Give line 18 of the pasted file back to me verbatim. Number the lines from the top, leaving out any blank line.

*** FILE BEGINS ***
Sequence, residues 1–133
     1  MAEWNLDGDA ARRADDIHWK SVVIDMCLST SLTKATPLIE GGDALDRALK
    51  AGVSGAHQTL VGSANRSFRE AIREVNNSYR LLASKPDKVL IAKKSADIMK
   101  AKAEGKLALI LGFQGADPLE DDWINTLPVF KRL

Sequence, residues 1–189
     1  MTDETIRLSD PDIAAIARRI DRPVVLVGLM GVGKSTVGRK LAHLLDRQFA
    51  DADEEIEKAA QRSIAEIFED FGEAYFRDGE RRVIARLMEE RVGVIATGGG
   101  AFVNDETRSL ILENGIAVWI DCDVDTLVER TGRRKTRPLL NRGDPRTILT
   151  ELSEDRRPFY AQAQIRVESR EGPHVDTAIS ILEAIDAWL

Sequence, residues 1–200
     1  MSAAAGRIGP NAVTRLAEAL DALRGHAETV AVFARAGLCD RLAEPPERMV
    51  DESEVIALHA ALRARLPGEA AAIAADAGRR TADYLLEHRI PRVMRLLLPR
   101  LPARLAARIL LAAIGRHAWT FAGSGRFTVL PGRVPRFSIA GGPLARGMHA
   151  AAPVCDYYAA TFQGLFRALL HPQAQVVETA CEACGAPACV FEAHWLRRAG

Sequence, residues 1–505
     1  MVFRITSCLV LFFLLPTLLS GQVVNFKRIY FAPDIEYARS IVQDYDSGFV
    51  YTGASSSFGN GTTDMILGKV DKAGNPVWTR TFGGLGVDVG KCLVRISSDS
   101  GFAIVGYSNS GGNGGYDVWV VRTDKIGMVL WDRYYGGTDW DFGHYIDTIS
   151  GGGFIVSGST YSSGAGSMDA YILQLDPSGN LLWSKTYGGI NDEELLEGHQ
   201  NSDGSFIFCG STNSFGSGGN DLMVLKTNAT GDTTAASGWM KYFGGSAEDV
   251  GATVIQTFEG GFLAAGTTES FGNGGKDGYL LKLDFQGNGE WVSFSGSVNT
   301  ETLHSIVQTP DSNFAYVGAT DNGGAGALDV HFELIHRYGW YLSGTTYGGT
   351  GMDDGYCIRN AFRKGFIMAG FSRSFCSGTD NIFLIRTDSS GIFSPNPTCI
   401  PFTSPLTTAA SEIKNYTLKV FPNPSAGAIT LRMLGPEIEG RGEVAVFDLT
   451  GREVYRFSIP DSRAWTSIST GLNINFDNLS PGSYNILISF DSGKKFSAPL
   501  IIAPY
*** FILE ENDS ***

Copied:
   101  GFAIVGYSNS GGNGGYDVWV VRTDKIGMVL WDRYYGGTDW DFGHYIDTIS